Thursday, May 15, 2008
I should have bumper stickers made. Sailing is free.
I love the irony of that statement. Let us remember it contradicts another favorite saying of mine, “Owning a sailboat in the Pacific Northwest is like standing in a shower and ripping up $100 bills.
However, as a cruiser, you really can start to take advantage of the freeness thing. It's not like you are in any great hurry to go anywhere, right? So if you pull out of the anchorage and the wind is only 6 knots, what the hell. Put up the sail and let the wind carry you towards your destination. Never mind that the resulting speed over ground is something less than a full trot for a chihuahua in a hurry to take a piss. This mode of travel earns you the privilege of smugly reducing your carbon foot print while you take in the sights.
Unless and until the children get bored.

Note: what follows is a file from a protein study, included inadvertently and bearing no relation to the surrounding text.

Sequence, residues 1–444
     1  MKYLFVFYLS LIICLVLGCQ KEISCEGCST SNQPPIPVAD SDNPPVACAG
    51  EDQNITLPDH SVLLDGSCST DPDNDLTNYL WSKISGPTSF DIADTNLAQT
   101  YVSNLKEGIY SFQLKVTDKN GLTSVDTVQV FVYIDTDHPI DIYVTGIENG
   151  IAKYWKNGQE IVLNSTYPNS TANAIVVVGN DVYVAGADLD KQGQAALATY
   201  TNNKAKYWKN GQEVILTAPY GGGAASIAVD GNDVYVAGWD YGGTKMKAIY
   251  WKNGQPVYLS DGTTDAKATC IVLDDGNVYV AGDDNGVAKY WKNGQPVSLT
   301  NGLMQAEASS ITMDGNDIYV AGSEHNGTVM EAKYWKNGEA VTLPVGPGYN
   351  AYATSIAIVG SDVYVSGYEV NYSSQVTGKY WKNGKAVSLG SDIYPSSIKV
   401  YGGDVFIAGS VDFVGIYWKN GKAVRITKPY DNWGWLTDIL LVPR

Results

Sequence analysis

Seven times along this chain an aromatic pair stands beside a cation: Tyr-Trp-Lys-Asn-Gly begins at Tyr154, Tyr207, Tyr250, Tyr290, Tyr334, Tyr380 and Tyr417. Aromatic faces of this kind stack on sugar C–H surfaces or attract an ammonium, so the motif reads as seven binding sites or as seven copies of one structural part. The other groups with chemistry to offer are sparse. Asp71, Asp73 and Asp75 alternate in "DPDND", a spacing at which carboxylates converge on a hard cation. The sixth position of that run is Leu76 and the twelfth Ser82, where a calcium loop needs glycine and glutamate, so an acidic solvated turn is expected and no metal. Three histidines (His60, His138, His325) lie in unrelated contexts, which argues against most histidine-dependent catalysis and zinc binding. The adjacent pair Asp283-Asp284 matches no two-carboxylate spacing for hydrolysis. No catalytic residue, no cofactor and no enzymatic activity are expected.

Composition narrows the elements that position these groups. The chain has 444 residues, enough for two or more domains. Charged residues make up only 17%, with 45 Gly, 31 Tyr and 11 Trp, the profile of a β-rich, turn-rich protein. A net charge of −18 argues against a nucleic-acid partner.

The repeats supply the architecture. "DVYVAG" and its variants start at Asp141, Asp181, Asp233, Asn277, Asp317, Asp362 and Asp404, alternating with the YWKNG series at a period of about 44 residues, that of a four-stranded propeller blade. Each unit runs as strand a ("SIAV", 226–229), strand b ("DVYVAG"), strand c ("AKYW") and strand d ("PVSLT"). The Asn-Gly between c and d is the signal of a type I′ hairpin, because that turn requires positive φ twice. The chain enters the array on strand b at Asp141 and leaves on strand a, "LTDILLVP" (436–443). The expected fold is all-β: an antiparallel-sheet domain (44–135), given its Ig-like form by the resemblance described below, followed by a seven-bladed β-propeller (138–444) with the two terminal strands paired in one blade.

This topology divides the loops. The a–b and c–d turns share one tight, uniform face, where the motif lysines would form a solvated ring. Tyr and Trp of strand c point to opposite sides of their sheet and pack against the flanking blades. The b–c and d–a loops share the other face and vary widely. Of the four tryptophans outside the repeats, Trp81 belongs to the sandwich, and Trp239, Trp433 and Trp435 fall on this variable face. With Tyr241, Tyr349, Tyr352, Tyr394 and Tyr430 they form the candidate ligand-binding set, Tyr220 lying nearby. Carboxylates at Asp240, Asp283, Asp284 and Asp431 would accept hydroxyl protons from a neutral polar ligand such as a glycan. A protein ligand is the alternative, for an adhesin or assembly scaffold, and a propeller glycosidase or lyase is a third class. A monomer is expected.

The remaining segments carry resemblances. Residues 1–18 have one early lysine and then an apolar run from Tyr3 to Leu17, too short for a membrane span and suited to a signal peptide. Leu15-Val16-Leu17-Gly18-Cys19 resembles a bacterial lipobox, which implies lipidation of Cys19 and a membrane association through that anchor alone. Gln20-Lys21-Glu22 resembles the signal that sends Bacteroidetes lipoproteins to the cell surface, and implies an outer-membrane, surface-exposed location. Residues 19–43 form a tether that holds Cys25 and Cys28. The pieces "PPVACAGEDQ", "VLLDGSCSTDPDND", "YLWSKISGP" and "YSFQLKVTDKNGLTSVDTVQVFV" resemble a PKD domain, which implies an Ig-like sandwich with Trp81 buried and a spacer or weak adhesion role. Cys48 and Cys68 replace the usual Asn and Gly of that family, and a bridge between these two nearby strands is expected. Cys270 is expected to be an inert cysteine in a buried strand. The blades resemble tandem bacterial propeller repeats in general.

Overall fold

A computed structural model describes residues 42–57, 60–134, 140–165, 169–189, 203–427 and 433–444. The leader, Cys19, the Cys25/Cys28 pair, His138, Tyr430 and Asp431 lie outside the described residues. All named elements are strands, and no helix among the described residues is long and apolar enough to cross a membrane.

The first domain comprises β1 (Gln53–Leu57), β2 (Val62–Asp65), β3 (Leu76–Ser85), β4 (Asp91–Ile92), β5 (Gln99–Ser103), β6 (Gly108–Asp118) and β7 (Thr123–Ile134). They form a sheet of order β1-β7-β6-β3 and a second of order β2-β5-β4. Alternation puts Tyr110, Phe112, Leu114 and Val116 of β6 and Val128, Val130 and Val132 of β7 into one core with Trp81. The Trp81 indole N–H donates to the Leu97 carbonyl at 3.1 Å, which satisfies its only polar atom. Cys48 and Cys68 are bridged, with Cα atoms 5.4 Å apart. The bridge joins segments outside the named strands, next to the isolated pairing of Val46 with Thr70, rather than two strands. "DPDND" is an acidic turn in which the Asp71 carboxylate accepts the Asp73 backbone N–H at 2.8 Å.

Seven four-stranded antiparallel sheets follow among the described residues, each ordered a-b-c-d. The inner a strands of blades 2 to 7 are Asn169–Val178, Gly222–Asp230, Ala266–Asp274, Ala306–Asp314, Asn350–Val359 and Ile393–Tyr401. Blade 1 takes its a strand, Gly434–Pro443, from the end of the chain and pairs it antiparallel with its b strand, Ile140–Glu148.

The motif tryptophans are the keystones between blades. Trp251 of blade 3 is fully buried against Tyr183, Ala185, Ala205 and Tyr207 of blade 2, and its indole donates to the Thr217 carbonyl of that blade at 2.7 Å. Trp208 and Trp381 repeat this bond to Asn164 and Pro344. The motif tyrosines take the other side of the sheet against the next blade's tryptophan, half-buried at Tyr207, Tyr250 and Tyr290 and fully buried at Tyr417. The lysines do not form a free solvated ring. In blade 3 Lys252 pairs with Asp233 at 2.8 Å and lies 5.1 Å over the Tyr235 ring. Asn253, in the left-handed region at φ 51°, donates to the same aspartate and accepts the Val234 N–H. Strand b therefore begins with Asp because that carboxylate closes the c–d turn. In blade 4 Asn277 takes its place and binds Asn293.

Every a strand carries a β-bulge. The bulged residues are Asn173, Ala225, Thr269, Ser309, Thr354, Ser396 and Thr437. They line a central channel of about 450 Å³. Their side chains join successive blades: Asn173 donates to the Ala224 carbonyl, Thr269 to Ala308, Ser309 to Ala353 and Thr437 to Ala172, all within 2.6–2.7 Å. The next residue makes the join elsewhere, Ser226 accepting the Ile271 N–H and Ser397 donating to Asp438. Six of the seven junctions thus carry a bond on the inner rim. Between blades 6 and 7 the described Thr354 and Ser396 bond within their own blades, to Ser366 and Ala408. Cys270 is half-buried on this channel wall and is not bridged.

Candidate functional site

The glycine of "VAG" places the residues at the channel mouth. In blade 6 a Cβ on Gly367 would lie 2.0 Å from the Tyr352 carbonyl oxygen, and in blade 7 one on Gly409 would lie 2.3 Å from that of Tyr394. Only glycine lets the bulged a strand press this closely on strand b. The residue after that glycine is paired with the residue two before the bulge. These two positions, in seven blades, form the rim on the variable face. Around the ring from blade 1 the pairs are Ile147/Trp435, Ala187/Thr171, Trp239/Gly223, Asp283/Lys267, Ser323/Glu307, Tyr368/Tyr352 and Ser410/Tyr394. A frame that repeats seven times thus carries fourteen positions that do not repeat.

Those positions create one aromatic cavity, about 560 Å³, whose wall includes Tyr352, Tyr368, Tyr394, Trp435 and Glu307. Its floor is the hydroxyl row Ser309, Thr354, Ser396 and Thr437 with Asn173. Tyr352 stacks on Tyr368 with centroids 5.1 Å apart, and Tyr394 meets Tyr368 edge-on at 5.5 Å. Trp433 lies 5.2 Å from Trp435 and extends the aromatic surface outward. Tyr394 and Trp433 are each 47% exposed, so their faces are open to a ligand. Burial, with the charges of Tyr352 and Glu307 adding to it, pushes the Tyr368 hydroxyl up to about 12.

Peels of laughter skating perilously close to hysterical rise from the children's hull where Aeron and Mera play some rather vigorous wrestling game in an attempt to keep themselves amused. There is roaring and growling and giggling and then a small blond head pops out of the hatch. “Are we there yet?” asks Aeron. “Yah!” screams the birthday girl Mera, “We're there, right?!”
Jaime at the helm is possibly the worst. “Oh god I'm bored. Omigod I'm so bored. I'm so bored. This is so boring. Wow. This is just... boring.” She leans on the wheel and stares bleakly through her sun glasses past the sparkling seas at the stunning vista complete with basking sea lions, green skyline, and distant sail boats. “Oh god I'm bored.”
Ten minutes go by, “Are we there yet?”
Um, well not yet. It's only a 3 mile trip today but at 2 knots per hour on a very broad tack the amount we'll have to travel over ground would just about take us to Canada if we straightened it out and went as the crow flies. It'll take us... let me do the math. Hold on a second.
Three hours. Omigod.
“Dr C, we really need to motor. We really need to motor,” I inform the captain. Saving fuel and money be damned. Get me to the shore on time.